Tuesday, May 21, 2013

Local History Through the Movie Lens.

This site, a local history, social studies site, through the nostalgic medium of feature films and movies, has gathered location information on almost 1,000 films.
The social history contained in these films and their filming sites gives reference not only to the reel streets, many of which have now been replaced, but also to our clothing and fashion, our vehicles and transport, our food and our eating habits, and our behaviour during the last 80 or so years of moving picture production.

Viewing the films and hearing the language and phraseology used, both in formal speech, and, more importantly for the development of the language, the slang used, gives an amazing insite into the development of spoken English, over the short period of a lifetime, and easily explains the difficulties experience in understanding Shakespeare, Sheridan, Bronte, Eyre, Dickens and almost all the classical authors, by many people.   

In the last 50 years Kenya, (keenya) has been replaced by Kenya, (kenyha). Bombay by Mumbai, Peking by Beijing, without any geographical movment being felt, or observed.

The Goshes and Whoopees, of earlier life have been universally replaced by the unfortunate Oh my God, Awesome and Wow. Perhaps much in the same way that our food and drink is gradually being replace by genetically modified new super products. To where have Wonderloaf, Tizer and Individual Fruit Pies gone?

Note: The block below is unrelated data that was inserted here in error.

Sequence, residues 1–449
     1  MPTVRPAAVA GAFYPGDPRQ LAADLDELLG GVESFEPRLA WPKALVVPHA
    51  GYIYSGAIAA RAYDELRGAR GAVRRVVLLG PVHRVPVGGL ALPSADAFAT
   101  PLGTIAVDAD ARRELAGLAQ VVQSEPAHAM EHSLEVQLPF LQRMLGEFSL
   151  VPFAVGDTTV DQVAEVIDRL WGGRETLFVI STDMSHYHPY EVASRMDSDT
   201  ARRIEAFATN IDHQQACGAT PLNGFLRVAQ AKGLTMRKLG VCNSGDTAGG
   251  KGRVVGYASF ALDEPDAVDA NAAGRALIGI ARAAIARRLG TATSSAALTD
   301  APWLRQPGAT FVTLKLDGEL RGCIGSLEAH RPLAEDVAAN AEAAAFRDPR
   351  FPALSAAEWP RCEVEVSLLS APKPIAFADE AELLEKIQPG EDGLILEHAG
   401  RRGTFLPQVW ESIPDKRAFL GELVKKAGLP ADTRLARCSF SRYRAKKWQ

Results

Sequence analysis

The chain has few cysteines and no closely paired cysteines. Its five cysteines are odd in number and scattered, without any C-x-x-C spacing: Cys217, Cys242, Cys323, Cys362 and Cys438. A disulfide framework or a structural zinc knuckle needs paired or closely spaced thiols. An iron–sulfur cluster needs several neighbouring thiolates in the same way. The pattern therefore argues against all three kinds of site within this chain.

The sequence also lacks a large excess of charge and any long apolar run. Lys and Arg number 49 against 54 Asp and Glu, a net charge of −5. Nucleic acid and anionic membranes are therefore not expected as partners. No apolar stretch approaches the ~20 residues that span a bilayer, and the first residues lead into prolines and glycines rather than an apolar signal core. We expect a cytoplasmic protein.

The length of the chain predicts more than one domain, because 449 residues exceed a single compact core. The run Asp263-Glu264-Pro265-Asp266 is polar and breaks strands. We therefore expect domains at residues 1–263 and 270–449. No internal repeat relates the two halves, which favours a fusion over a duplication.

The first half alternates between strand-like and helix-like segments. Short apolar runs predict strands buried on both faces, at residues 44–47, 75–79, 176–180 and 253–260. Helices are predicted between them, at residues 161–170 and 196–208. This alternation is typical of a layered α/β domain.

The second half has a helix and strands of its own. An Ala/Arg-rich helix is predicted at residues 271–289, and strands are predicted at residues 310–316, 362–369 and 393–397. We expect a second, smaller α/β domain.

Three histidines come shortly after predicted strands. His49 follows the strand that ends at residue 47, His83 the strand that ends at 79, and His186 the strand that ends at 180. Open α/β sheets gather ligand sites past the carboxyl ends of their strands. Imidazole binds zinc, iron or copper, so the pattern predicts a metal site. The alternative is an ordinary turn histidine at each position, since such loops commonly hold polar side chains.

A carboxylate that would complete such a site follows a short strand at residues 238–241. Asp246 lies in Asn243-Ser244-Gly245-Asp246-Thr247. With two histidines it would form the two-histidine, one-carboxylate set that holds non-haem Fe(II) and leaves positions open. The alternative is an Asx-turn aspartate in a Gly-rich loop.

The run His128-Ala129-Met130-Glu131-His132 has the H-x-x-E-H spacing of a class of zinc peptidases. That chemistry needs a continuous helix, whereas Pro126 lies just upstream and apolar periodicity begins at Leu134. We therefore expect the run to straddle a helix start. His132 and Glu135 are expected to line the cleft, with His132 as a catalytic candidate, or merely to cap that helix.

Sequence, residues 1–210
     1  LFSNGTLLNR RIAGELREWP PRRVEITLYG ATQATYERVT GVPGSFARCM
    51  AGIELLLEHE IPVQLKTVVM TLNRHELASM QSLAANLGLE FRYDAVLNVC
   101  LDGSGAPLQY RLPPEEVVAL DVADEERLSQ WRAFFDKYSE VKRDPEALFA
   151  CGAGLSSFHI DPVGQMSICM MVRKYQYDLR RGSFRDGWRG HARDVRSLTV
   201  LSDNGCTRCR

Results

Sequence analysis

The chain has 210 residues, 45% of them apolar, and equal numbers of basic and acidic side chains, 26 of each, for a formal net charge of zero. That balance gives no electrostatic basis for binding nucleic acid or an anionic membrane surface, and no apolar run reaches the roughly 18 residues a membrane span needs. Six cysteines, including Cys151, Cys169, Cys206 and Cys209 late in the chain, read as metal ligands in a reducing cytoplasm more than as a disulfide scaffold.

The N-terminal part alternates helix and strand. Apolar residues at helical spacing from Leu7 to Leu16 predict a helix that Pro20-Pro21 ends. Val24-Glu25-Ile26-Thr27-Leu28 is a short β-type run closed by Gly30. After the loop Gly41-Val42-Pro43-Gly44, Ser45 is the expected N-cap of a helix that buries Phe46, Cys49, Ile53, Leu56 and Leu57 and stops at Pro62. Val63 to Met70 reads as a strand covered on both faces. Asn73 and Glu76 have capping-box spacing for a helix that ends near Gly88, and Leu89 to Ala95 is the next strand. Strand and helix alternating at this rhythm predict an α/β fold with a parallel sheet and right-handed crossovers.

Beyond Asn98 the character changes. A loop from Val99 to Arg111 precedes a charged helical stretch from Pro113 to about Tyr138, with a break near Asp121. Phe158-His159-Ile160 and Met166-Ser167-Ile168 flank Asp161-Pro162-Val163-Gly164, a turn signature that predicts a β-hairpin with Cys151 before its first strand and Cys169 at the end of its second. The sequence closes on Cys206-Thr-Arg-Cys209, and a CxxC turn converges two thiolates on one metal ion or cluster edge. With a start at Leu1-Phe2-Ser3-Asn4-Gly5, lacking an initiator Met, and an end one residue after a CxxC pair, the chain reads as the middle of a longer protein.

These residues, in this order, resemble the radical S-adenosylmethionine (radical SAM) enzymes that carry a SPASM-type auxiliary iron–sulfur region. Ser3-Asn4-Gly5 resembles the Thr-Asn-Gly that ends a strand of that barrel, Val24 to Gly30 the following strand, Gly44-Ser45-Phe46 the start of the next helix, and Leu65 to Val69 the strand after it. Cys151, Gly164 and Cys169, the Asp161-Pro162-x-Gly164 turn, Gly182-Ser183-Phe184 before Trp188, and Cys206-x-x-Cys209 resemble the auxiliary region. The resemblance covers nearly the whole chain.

Why is it now legitimate and popular to regularly split infinitives, when once it was an offence punishable by 50 lines? Fifty lines of what, you may ask, if you're under 40 years of age. Lines of washing, soldiers, deck chairs, sewing? Every day in every way the world we live in changes, even the shops in your High Street, often captured in the movies, change. Can you list the shops that were there ten years ago, one year ago, last month? Probably not, and they only need to change 5% of them a year to completely transform the whole panorama in only twenty years.

Thank goodness for the silver screen and the opportunities it gives us to dwell on the past.